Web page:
Stoney Creek Bridge Marina, a popular family-run facility in Baltimore is now a certified Maryland Clean Marina.
“Doing the Clean Marina program really wasn’t too hard,” said manager Chuck Miller. “Maryland Department of Natural Resources’ staff told me what we needed to do and I took care of it in a couple of months.”
The boatyard was already using dustless sanders and recycling used oil and antifreeze. However, to meet award criteria, the team improved their fuel-spill response equipment, posted emergency contact information, and stepped-up their outreach efforts to educate costumers on the importance of preventing pollution.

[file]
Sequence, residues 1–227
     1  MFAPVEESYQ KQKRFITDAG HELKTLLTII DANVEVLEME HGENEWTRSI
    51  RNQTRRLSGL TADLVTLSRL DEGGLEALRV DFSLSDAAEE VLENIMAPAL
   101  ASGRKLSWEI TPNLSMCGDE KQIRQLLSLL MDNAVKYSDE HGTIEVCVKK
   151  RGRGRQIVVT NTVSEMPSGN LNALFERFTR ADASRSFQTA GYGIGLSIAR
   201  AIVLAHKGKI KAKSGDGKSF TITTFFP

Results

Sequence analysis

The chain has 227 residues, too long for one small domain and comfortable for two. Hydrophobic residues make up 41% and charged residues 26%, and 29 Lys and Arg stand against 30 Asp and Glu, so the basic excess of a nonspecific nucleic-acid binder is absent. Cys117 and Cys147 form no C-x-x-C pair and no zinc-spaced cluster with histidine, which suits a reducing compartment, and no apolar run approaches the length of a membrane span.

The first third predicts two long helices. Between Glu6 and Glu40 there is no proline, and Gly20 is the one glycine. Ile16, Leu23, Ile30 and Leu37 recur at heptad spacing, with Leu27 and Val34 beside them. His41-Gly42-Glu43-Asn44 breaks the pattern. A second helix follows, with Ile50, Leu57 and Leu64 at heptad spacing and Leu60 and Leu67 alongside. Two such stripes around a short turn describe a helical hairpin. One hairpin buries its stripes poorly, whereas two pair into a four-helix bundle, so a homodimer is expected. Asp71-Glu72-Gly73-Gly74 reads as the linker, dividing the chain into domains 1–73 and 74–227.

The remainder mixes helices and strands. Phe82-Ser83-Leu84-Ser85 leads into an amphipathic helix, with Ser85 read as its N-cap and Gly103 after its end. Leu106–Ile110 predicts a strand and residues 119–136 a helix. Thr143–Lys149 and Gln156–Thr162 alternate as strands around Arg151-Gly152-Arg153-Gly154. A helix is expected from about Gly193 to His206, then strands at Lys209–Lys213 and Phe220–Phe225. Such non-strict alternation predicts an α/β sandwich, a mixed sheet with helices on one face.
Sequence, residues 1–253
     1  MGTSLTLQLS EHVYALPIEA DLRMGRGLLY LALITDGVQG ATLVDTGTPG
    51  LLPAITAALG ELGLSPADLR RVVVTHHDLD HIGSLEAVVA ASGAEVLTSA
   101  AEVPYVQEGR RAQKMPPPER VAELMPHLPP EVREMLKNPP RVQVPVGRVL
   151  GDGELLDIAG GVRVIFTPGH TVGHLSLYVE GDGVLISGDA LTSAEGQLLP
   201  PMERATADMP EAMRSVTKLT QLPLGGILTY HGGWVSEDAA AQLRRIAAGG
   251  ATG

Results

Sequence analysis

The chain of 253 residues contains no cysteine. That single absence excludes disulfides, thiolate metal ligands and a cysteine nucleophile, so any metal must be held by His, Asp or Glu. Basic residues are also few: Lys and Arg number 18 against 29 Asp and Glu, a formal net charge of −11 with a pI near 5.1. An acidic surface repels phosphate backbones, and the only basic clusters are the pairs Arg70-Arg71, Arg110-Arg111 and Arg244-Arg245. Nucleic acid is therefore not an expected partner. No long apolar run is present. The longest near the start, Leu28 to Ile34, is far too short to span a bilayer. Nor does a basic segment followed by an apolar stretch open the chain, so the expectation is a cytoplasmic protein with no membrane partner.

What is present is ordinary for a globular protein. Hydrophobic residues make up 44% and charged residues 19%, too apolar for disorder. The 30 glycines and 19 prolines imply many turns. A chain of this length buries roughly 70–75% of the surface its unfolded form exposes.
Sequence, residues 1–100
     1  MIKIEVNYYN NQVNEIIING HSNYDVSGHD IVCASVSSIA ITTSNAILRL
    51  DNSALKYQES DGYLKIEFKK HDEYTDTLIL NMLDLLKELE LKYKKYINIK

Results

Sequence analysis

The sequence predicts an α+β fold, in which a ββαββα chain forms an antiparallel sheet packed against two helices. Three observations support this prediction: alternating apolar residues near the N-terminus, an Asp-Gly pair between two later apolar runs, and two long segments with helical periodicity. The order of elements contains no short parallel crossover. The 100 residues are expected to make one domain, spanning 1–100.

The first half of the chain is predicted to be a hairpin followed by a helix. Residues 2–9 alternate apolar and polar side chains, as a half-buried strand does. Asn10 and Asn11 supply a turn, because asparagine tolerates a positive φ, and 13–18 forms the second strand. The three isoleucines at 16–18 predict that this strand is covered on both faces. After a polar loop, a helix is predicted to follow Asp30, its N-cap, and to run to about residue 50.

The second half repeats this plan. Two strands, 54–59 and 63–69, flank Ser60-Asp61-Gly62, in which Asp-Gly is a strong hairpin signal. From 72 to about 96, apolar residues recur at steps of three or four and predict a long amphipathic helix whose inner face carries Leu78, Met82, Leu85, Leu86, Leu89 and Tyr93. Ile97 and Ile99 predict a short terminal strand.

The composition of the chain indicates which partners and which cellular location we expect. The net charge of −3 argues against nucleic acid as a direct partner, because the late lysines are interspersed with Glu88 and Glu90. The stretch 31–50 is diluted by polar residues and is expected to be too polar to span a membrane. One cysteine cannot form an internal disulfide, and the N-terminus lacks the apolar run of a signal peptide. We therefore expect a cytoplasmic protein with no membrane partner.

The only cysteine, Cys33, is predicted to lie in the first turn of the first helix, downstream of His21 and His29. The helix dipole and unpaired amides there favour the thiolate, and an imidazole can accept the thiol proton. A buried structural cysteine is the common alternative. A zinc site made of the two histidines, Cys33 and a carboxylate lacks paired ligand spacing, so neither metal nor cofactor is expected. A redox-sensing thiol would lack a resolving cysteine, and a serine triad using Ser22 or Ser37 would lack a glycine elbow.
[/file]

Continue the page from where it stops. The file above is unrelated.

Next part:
“Mr. Miller took the initiative to make his goal of creating more sustainable facility a reality,” said Program Coordinator Donna Morrow. “This is something any marina can do.”
This is the 124th certified Maryland Clean Marina. There are a total of 148 certified facilities in the State, including 24 smaller Clean Marina partners. The Maryland Department of Natural Resources (DNR) oversees the Clean Marina Initiative, a voluntary program that promotes and celebrates efforts of marinas, boatyards and yacht clubs to reduce their pollution.
Each of the 148 certified facilities has adopted a significant portion of recommendations in theMaryland Clean Marina Guidebook and passed a rigorous site inspection. Certifications are good for three years, at which time DNR staff re-inspect the marinas. Marinas and boatyards of any size can participate.
More information and free program materials are available by calling 410-260-8773 or visiting dnr.maryland.gov/boating/cleanmarina.
Logo courtesy Maryland Department of the Environment